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Low-flying Helicopter Scanning Poncha Springs for Scientific Clues to Past, Future
Released: 10/23/2008 7:26:52 PM

Contact Information:
U.S. Department of the Interior, U.S. Geological Survey
Office of Communication
119 National Center
Reston, VA 20192
Heidi  Koontz 1-click interview
Phone: 303-202-4763

Marisa Lubeck 1-click interview
Phone: 303-202-4765



Citizens should not be alarmed if they witness a peculiar low-flying helicopter, with a large beam extending from its nose, flying over Poncha Springs in the next couple of weeks.

Starting on Friday, October 24 and lasting for about two weeks, a low-flying helicopter under contract to the U.S. Geological Survey (USGS) will begin collecting and recording geophysical measurements over the town of Poncha Springs, Colorado, for scientific research purposes. 

The helicopter will collect measurements over the town of Poncha Springs and the surrounding area.  The helicopter will fly low to the ground back and forth near the mountain front and will measure the magnetic properties of the crust. 

This survey is designed to remotely study geologic and hydrologic units that lie below land surface. It is designed to identify features such as changes in rock types, ultimately providing a better understanding of the geology and hydrology of this area that may be related to geothermal energy.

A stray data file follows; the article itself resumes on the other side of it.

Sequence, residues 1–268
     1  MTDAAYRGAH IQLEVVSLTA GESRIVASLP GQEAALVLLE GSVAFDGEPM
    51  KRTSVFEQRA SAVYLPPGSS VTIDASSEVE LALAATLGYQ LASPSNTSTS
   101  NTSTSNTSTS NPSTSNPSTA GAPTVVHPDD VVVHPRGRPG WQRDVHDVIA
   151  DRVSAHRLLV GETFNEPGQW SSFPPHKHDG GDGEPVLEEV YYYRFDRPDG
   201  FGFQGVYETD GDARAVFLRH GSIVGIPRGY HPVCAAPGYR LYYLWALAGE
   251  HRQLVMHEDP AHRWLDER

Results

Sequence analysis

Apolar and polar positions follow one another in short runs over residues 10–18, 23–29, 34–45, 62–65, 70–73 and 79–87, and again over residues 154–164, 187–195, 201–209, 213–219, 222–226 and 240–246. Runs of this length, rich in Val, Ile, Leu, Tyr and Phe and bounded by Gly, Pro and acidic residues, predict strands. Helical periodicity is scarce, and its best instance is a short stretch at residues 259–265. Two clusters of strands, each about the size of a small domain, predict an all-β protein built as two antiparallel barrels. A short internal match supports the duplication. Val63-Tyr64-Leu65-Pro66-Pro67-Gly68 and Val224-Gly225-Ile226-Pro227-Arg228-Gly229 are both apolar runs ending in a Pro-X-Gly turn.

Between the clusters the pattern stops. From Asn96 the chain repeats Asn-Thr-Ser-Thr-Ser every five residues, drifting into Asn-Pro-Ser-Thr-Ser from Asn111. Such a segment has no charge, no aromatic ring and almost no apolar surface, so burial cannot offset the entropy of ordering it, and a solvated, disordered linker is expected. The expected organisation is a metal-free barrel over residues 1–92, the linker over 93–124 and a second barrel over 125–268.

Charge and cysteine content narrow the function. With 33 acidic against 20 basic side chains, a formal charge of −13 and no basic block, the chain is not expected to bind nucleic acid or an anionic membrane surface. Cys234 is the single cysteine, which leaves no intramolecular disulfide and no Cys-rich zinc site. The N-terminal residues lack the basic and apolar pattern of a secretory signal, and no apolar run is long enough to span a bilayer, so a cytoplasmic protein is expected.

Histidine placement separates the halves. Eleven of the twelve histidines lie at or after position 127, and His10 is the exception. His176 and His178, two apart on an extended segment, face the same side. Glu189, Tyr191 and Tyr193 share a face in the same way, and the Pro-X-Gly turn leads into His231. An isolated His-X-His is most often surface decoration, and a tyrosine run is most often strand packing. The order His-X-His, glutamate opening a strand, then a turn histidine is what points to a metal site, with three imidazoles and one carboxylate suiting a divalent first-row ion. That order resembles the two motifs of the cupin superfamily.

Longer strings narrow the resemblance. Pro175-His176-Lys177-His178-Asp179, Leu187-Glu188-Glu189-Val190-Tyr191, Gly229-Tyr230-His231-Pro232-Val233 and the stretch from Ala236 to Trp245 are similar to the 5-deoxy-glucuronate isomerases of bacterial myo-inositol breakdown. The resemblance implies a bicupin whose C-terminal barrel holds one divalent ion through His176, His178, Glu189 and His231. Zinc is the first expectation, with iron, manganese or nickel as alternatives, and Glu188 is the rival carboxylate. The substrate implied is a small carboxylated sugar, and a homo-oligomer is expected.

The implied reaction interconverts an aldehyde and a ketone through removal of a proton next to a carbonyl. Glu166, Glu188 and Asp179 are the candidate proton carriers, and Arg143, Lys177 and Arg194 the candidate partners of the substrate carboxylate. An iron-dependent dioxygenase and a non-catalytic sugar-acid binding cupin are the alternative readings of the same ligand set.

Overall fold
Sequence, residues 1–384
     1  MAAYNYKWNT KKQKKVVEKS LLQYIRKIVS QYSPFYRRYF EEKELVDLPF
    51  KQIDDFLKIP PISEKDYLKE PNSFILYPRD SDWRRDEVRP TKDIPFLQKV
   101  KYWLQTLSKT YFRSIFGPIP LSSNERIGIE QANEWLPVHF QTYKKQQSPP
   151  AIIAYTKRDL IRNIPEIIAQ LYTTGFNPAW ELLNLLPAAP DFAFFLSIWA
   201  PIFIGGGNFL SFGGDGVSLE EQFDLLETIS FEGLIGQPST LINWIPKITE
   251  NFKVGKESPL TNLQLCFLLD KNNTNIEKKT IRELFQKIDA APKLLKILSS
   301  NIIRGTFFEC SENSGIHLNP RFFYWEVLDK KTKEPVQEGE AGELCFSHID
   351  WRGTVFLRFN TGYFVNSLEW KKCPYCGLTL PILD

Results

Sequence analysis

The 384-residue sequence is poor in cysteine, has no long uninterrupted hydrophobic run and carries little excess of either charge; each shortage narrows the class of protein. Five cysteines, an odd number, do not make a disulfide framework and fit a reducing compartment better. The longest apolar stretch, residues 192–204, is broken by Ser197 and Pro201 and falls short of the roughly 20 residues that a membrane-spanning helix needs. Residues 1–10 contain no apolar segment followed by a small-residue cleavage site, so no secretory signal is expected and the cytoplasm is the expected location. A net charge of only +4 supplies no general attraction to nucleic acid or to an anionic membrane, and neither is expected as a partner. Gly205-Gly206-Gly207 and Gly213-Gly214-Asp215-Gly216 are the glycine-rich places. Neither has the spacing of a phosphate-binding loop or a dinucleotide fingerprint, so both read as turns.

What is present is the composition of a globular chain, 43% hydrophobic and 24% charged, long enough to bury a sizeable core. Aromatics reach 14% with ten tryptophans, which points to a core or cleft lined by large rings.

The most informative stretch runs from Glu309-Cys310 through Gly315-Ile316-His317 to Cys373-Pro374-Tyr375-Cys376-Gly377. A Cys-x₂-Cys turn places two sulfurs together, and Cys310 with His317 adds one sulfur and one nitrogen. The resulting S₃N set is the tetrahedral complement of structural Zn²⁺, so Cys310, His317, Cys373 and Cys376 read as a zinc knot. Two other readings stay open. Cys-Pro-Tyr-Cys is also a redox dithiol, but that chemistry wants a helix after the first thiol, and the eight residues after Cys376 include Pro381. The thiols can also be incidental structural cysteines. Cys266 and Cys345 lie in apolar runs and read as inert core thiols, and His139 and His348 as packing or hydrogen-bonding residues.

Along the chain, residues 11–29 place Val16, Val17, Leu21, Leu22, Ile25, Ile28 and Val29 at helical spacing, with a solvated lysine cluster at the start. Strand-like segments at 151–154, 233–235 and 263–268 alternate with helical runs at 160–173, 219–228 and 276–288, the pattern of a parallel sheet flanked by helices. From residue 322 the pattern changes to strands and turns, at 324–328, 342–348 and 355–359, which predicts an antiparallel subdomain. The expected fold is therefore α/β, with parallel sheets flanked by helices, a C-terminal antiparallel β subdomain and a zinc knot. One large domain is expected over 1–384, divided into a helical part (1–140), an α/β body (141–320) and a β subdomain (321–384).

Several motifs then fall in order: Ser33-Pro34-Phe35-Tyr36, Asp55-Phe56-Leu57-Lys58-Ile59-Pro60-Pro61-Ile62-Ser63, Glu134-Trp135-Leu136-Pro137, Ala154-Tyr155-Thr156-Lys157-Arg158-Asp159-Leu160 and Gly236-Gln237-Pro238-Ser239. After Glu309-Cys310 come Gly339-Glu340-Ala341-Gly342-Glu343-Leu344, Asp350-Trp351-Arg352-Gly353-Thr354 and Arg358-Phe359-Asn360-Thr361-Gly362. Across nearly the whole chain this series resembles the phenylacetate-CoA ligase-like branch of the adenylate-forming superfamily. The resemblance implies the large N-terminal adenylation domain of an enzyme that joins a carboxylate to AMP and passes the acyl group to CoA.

The Governor's Energy Office and Colorado Geological Survey are partners in the project.

The helicopter is operated by Upper Limits Aviation, Inc., of Salt Lake City, Utah, under contract to the USGS and is controlled by experienced pilots who are specially trained for low-level flying.  Upper Limits Aviation is working with the Federal Aviation Administration to ensure flights are in accordance with U.S. law. 

Editor:  In the public interest and in accordance with FAA regulations, the USGS is announcing this low-level airborne project.  Your assistance in informing the local communities is appreciated.


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